However, with privilege comes responsibility. As a reader of this article you, too, bear a certain amount of privilege owing to your internet access, or your ability to comprehend English in our status as a former British colony. All of these are privileges, all of which must be acknowledged, and must be made up for.

But inequality of this sort doesn’t only take place at the higher level of education. It starts from some of the most basic levels such as access to child health services and also access to decent primary education. Child development specialists have long understood that the first 10 years of a child’s life greatly determine their future in terms of brain development. This is why so many educated city dwellers who can afford to do so send their children to educational institutions as early as possible.

Their claim is that such interactive learning, as opposed to the rote-learning provided in public schools, gauges the child’s interest and develops deep learning connections in them.

Think about it this way; imagine life is like a race, children coming from higher socio-economic households start running in the race much earlier than those around them. Effectively, the system is inherently putting poorer children in a position where they are destined to fail. Just as wealth reproduces itself, so does poverty. Or, if you may, the rich get richer and the poor get poorer. Upwards social mobility, which is another way of saying one’s ability to climb the social ladder, remains difficult to achieve.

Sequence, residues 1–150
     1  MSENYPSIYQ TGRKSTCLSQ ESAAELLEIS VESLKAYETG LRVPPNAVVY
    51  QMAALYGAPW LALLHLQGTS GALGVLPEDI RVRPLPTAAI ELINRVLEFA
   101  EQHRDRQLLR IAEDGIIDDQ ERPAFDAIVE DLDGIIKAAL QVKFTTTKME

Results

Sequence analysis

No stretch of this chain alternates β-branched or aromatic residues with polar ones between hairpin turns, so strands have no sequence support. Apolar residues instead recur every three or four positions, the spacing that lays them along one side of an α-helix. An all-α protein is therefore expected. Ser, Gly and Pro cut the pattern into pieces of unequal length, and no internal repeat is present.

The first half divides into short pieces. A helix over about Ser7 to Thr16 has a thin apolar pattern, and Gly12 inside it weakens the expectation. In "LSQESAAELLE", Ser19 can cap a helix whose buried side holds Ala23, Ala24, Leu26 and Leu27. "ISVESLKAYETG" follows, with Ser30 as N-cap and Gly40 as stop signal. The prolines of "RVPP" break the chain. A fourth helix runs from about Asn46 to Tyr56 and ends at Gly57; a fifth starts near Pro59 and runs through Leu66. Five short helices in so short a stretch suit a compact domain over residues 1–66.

In recognition of this form of inequality, many developed countries have attempted to improve the status of their public schools to match that of private schools. Some of these countries have been fairly successful in doing so, but that does not particularly hold true for all. Especially in developing countries, there continues to remain a deteriorating quality of state-provided education. This isn’t particularly surprising since politicians and other decision makers do not see an active interest in improving the quality of education in Pakistan. Perhaps if their children had to attend these schools, we’d see some improvement.